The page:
How to break out of a mortgage commitment, part 3

 
How to decide whether you should break out of your mortgage:

Deciding to break out of your mortgage can be a complicated and painful task. I have seen many people who are reluctant to pay the penalty fee because it often cost thousands. Yet, it would save them much more if they do break out.

I have also seen many people miscalculate the savings and cost to break out of their current mortgage.

To keep it simple, if your mortgage interest, whether fixed or variable is about 2% higher than the rate you can get approved today including variable, then given today's financial conditions, you should break out of it. For example, if your mortgage interest rate is 4% and the approved lender variable or fixed rate is 2%, then you should break out of it. Using simplified math, a $200 000 mortgage at 4% is around $8000 in interest where at 2% is only $4000 in interest. Doing so, cuts your mortgage interest amount in half each year.

This is a very general rule of thumb and there are always exceptions to these rules that you need address. I do not know your conditions personally, but if you post your situation, I may be able to answer it.

Procedure once you have decided to break out of your mortgage:

The procedure is complicated. First the current lender is reluctant to break out of the mortgage. Thankfully there are laws in Canada that force the lenders to behave. However, you, as the client, need to do your part to make sure all parties are following the process.

Assuming you are breaking out of the mortgage from your current lender and going with another lender...

1. After you have minimized the penalty fee by making the largest prepayment, your new lender should fax a discharge request to the current lender.

2. After this fax, you should contact the current lender and make sure the fax has been received. Often times, lenders fail to receive such fax. (Whether intentionally or accidentally to delay the mortgage exchange process))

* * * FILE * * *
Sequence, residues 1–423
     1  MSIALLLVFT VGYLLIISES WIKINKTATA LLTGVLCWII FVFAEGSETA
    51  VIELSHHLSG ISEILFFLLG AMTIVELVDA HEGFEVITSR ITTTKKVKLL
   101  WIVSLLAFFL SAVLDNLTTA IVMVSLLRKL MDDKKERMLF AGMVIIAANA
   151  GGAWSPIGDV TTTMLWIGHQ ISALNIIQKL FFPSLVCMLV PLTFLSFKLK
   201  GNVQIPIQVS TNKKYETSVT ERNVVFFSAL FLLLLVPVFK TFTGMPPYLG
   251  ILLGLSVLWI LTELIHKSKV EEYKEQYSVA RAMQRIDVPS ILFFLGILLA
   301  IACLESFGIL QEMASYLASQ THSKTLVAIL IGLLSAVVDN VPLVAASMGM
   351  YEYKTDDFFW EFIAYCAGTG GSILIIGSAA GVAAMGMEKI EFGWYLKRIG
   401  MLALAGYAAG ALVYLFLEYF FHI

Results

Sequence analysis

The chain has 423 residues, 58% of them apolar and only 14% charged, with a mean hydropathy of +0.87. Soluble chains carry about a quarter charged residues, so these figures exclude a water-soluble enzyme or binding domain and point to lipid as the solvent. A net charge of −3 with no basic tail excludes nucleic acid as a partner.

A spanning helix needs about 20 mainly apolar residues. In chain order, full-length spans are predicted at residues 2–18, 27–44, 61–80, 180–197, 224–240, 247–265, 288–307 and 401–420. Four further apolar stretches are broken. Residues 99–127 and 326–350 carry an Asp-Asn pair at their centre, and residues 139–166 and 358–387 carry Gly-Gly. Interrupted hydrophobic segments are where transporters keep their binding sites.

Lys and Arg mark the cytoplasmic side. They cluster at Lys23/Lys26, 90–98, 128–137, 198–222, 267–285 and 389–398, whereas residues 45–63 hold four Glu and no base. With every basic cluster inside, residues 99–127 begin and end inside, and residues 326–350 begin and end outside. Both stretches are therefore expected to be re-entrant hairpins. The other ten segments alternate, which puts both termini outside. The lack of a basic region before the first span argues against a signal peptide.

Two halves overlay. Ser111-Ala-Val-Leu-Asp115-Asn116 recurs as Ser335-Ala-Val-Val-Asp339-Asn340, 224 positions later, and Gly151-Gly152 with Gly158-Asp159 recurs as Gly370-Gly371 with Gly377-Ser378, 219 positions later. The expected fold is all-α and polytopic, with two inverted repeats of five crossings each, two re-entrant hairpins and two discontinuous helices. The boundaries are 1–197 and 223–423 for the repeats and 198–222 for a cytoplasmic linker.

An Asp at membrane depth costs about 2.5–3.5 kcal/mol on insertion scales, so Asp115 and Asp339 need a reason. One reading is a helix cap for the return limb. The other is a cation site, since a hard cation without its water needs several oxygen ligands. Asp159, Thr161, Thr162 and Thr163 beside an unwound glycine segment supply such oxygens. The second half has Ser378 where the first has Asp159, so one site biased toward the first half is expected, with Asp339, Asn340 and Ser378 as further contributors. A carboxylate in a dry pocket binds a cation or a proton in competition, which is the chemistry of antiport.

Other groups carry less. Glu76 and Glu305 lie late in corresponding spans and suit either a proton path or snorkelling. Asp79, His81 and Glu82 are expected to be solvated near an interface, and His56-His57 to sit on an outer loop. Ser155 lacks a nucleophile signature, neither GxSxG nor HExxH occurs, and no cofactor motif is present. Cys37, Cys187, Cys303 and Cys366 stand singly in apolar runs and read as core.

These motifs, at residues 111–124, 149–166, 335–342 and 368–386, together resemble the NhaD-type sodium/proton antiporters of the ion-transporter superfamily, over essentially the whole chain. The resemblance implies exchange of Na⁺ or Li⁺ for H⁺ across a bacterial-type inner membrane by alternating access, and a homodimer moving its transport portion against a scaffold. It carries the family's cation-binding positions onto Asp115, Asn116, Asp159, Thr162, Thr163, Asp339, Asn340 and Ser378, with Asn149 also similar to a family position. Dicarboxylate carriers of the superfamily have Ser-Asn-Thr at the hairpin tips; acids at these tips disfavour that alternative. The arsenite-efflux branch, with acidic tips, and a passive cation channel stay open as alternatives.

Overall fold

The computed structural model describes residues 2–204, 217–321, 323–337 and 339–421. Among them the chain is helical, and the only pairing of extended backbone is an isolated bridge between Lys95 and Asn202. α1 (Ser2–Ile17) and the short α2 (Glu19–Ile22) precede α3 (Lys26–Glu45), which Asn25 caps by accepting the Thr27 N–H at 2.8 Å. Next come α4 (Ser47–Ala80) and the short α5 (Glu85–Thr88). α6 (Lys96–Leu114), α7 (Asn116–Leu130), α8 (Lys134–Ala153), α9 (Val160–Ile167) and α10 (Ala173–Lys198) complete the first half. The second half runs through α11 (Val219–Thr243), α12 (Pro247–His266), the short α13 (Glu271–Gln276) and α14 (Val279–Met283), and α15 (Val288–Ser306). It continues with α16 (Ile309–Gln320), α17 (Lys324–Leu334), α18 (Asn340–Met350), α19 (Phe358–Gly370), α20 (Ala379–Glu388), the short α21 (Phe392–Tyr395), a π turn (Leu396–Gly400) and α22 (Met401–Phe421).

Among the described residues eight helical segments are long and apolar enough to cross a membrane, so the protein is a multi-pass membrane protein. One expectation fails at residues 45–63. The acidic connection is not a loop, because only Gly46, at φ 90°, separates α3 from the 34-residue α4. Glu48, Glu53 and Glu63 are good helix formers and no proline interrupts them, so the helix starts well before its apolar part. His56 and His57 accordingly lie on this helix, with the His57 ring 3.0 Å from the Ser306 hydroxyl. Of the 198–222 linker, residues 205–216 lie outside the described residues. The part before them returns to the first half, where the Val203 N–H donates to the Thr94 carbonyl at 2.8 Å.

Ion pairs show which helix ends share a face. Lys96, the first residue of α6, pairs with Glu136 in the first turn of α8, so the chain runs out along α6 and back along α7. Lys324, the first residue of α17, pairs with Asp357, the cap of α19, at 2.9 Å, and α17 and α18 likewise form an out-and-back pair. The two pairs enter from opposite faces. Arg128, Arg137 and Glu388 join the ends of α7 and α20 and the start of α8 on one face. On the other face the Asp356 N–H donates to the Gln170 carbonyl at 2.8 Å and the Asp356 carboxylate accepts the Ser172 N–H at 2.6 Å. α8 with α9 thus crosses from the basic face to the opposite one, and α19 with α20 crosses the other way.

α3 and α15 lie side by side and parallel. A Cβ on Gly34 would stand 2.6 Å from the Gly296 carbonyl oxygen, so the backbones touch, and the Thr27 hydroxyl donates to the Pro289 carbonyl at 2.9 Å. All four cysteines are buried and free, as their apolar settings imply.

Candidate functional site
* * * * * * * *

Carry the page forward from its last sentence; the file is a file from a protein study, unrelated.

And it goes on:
3. After the current lender acknowledges the request to discharge has been received, then the current lender has forty-eight hours to respond with the mortgage break out fee, which would be the cost to break out of the mortgage. Often times, lenders would claim they need longer than forty-eight hours, but the law does stipulate forty-eight hours.

4. Once the mortgage break out fee is faxed back to the new lender, you need to contact the new lender and make sure the break out fee is the fee you expected. Lender tend to change the fee and up the fee suddenly. (Whether by accident or intentionally.)

5. Once the mortgage break out fee is acknowledged, the new lender would then get you to sign and make the change.

Once that occurs, the mortgage exchange process is complete..

Bottom Line:

One may believe their mortgage broker should advise you on this, but the truth is, they won't. In fact they want you to know as little as possible so that you can only listen to them. The mortgage broker has their own agenda. It is only in the best interest of the mortgage broker that you break out of the mortgage, so that he can collect the commissions with the new mortgage.  Also, if you do use a mortgage broker, all fees will be paid by you.

Share on Facebook